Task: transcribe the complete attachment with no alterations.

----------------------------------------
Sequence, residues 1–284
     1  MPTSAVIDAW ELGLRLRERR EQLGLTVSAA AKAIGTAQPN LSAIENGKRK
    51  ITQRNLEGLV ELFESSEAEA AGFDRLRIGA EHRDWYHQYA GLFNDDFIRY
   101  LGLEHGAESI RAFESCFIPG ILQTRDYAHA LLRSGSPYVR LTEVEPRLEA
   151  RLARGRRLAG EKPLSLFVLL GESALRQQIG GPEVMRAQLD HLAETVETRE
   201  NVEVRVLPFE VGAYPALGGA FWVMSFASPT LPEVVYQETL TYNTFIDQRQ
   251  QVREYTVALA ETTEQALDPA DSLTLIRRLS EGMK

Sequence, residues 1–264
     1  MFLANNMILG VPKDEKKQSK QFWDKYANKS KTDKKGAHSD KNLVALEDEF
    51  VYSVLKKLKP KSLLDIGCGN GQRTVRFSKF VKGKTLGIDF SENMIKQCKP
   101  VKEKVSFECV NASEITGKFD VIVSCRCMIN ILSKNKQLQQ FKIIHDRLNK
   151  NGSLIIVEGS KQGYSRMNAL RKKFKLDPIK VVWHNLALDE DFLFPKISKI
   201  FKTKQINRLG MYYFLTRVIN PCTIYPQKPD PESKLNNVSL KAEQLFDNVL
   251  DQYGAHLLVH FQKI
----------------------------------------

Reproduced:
Sequence, residues 1–284
     1  MPTSAVIDAW ELGLRLRERR EQLGLTVSAA AKAIGTAQPN LSAIENGKRK
    51  ITQRNLEGLV ELFESSEAEA AGFDRLRIGA EHRDWYHQYA GLFNDDFIRY
   101  LGLEHGAESI RAFESCFIPG ILQTRDYAHA LLRSGSPYVR LTEVEPRLEA
   151  RLARGRRLAG EKPLSLFVLL GESALRQQIG GPEVMRAQLD HLAETVETRE
   201  NVEVRVLPFE VGAYPALGGA FWVMSFASPT LPEVVYQETL TYNTFIDQRQ
   251  QVREYTVALA ETTEQALDPA DSLTLIRRLS EGMK

Sequence, residues 1–264
     1  MFLANNMILG VPKDEKKQSK QFWDKYANKS KTDKKGAHSD KNLVALEDEF
    51  VYSVLKKLKP KSLLDIGCGN GQRTVRFSKF VKGKTLGIDF SENMIKQCKP
   101  VKEKVSFECV NASEITGKFD VIVSCRCMIN ILSKNKQLQQ FKIIHDRLNK
   151  NGSLIIVEGS KQGYSRMNAL RKKFKLDPIK VVWHNLALDE DFLFPKISKI
   201  FKTKQINRLG MYYFLTRVIN PCTIYPQKPD PESKLNNVSL KAEQLFDNVL
   251  DQYGAHLLVH FQKI